Home|Sepulchre of Juan de Vargas (Hall 12)

Sepulchre of Juan de Vargas (Hall 12)

This sepulcher is sculpted in the Renaissance style, it is made of alabaster-a malleable material that allows for delicate detailing and a shiny finish. This is the tomb of Juan de Vargas. In 1525 he died and was buried in the Convent of Santa Isabel de Alba de Tormes, in Salamanca. He is identified by the epigraph inscribed on the top of the tomb. It was originally located below an arcosolium decorated with crests and ornamental plant motifs, with painted panels at the back.

The deceased was a young man and his lovely features show a taste for naturalism. The head is modeled in such a way that it may have been intended to be a portrait. He is dressed in armor in the style of an early-16th century knight. A dog has been carved at his feet. A symbol of fidelity, the animal is charged with keeping watch over his master throughout his eternal rest. The front of the sepulchre features the family coat of arms surrounded by plant motifs. On the left, the papaver somniferum, or opium poppy, stands out. In the classical tradition, this flower is a funereal symbol.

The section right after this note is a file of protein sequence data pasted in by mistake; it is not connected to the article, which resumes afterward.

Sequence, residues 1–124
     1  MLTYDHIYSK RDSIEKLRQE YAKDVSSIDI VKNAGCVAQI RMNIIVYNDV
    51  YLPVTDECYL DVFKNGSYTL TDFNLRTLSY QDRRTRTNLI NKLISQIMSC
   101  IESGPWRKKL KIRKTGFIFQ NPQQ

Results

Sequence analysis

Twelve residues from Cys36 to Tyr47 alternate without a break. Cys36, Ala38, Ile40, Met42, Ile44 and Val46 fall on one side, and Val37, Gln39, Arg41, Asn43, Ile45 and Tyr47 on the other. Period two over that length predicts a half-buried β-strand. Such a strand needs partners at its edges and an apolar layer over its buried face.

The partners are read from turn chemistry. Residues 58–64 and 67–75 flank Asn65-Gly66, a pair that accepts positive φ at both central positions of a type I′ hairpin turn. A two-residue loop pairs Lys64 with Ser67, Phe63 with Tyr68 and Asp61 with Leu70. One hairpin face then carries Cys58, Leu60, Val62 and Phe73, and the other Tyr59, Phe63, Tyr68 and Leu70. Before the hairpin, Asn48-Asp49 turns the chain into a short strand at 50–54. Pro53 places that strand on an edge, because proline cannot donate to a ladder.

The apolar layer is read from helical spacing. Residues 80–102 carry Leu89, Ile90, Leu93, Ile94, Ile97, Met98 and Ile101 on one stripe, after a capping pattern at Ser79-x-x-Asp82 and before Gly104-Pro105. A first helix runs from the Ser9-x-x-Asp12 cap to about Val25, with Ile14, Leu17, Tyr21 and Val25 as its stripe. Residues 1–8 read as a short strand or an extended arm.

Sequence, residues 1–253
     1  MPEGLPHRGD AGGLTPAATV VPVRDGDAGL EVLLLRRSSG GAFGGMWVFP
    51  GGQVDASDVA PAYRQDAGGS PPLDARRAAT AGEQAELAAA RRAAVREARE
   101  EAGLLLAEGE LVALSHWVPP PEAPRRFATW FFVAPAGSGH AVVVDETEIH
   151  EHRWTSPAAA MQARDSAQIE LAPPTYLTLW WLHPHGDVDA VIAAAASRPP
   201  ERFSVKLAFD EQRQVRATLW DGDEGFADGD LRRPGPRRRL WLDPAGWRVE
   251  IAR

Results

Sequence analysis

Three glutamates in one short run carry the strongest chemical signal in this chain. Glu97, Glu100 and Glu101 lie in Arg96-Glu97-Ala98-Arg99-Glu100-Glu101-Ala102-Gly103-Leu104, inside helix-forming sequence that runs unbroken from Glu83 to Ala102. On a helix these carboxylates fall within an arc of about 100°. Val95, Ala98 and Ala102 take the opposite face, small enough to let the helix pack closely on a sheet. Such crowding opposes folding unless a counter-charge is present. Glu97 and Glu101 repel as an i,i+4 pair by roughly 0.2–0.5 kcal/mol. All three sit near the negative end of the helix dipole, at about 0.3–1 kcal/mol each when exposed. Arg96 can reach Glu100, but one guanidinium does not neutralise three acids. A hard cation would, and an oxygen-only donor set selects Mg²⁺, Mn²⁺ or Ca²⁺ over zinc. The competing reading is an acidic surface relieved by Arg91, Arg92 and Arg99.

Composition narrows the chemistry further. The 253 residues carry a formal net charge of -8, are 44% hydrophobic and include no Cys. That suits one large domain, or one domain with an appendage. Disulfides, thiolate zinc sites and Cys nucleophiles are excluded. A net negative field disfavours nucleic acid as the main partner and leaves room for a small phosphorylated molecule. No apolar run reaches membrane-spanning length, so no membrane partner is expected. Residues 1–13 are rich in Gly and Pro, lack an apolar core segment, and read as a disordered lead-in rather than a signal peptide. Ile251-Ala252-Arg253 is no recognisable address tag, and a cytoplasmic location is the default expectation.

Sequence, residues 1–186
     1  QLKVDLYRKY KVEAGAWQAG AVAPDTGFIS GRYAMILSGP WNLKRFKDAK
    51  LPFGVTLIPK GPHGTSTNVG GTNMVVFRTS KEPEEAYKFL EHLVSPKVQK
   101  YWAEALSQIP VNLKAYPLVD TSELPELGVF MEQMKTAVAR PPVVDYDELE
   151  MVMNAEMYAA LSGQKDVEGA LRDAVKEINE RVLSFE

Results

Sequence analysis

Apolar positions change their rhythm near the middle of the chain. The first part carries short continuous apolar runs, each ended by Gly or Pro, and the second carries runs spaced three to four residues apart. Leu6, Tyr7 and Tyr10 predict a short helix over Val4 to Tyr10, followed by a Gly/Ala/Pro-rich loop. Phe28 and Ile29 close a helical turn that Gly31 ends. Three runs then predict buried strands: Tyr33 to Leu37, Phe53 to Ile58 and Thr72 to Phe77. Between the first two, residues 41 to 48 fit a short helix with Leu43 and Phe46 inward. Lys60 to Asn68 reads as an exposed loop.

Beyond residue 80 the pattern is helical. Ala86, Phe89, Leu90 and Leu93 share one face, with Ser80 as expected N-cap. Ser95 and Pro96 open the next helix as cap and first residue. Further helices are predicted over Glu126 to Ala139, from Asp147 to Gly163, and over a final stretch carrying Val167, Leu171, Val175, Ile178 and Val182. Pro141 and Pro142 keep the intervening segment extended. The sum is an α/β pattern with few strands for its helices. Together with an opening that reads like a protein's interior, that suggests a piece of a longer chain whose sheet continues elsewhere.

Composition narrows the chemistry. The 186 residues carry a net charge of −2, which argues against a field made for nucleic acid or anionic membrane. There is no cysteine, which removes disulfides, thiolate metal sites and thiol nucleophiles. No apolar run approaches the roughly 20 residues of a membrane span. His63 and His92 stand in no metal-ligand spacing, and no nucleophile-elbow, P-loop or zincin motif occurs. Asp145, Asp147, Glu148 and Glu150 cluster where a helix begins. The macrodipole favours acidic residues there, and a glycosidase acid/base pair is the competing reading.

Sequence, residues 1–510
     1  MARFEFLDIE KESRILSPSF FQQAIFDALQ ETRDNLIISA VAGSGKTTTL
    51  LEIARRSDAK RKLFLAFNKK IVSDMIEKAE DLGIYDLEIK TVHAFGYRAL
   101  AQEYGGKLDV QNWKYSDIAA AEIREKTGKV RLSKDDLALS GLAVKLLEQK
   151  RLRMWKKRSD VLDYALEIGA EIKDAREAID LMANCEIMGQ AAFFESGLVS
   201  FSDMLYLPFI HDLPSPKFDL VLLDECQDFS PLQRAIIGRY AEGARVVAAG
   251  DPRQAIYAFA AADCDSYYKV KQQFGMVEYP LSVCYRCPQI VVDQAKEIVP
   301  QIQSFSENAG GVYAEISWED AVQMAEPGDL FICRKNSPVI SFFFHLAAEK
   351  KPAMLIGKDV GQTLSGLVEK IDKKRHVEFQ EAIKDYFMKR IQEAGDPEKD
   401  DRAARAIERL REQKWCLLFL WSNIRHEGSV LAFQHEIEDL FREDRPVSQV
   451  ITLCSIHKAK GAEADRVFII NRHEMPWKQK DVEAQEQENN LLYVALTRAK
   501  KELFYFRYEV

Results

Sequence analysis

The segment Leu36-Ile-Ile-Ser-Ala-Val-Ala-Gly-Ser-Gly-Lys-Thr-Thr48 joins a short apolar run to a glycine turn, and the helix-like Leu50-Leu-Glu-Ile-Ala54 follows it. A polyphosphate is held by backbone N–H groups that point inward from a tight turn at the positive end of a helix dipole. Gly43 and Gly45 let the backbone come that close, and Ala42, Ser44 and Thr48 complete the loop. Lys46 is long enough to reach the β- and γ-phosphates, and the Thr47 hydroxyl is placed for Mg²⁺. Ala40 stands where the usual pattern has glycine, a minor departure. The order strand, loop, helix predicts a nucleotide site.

Juan de Vargas came from nobility. His family promoted this kind of funereal sculpture, which paid tribute to important noble ancestors.

The inscription on the band to the right of the frame may have been carved by the man who is thought to have created the sarcophagus-a sculptor named Ruiz who has remained unknown until now.